The Militant (logo)  
   Vol.66/No.33           September 2, 2002  
Hugo Chávez and
the unions in Venezuela
In a letter in the August 26 Militant, reader Theodore Jones writes that the Venezuelan Workers Federation (CTV), the largest labor federation in the country, is "an organization that represents the Venezuelan capitalist class" and that the "wholesale recall of its leadership attempted by [Hugo] Chávez would have been an enormous step forward for the Venezuelan working class."

Jones takes issue with recent articles in the Militant on the character of the CTV, and the attempt by Venezuelan president Hugo Chávez in 2000 to suspend the union federation’s leadership through a state-sponsored referendum. The referendum was approved by a 65 percent majority, but only 22 percent of the 11 million eligible voters turned out to the polls. Given the lack of support for the move, and opposition from the bosses and most of the officials of the various trade union federations, Chávez backed down and recognized the CTV leadership.

The article reported the views of Orlando Chirino, executive secretary of the Workers Federation of Carabobo State (FETRAC), and other unionists who helped lead the working-class rebellion against the U.S.-backed military coup in April.

Chirino and other workers we interviewed referred specifically to Chávez’s attempt to replace the CTV leadership through direct government intervention as reactionary, not the labor policies of his government in their entirety. Chirino was among a minority who openly opposed that move when it was announced on the basis that it undermined efforts by militant unionists to turn the trade unions into organizations independent of the capitalist state. Others we interviewed, who did not oppose or support the referendum on the CTV to begin with, concluded that it had been a mistake after seeing how it ended up strengthening the CTV leadership’s position. The attempt by Chávez to remove the CTV tops through a government-sponsored referendum allowed these labor fakers to pose as victims of government persecution and "defenders of union democracy."

In his "Afterword" to Teamster Bureaucracy, Farrell Dobbs describes the accelerated degeneration of the labor officialdom in the United States following World War II and the bureaucratic control imposed on the unions. "These officials have gone a long way toward converting the trade unions into auxiliary instruments of repression acting in collusion with capitalist authorities," says Dobbs, who was a leader of the 1934 Minneapolis strikes, a central organizer of the 11-state Teamster over-the-road organizing drive in the late 1930s, and national secretary of the Socialist Workers Party from 1953 to 1972.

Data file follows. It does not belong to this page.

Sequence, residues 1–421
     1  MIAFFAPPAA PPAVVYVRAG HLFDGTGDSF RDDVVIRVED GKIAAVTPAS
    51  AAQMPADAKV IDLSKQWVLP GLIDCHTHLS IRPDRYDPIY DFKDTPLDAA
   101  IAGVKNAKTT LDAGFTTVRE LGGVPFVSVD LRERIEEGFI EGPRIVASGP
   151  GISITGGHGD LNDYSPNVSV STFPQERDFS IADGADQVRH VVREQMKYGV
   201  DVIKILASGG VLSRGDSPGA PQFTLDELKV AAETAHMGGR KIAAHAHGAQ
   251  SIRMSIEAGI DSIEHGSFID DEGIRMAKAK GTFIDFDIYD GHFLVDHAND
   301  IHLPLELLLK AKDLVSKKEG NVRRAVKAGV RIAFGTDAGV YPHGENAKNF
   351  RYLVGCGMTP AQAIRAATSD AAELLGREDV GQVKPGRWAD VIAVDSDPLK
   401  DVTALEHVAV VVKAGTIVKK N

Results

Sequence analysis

"Among the consequences has been the clamping of collective bargaining into an iron vise," Dobbs writes. "One jaw consists of restrictions imposed upon organized labor by the bosses’ government. The other takes the form of bureaucratic controls within the unions themselves. Through this combination of repressive forces the workers have been subjected to steadily intensifying exploitation at the hands of the capitalists." Dobbs also explained that these trade union bureaucrats played the role of lickspittles in the sphere of capitalist foreign policy.

Much of this applies to the CTV labor fakers who have tied the unions to the capitalist state and the bosses’ parties. Many workers in Venezuela told us of the CTV leadership’s support for police repression against militant workers and restrictions by the bosses on organized labor. They sat on their hands for decades in face of attacks by the employers on wages and working conditions while keeping a bureaucratic stranglehold on the unions.  
Not an organization of the capitalist class
The CTV, however, is not "an organization that represents the Venezuelan capitalist class," as Jones suggests. The unions that belong to the federation remain defensive organizations of the working class, albeit with a bureaucratic, pro-capitalist leadership.

In Trade Unions in the Epoch of Imperialist Decay, Leon Trotsky, a central leader of the Russian Revolution, says: "It is necessary to adapt ourselves to the concrete conditions existing in the trade unions of every given country in order to mobilize the masses, not only against the bourgeoisie, but also against the totalitarian regime within the trade unions themselves and against the leaders enforcing this regime. The primary slogan for this struggle is: complete and unconditional independence of the trade unions in relation to the capitalist state. This means a struggle to turn the trade unions into the organs of the broad exploited masses and not the organs of a labor aristocracy."

One final point. Hugo Chávez is not "a reactionary," a description that Jones mistakenly implies that the Militant has used. He is a bourgeois nationalist figure who won presidential elections using pro-working-class demagogy and promising to use executive power to deal with the corrupt elite as a strong man. He has done that, while leaving intact capitalist market relations, with economic power firmly remaining in the hands of the capitalist class. The Militant wholeheartedly supported the struggles by working people to oppose the bosses’ attempts to overthrow the Chávez government.  
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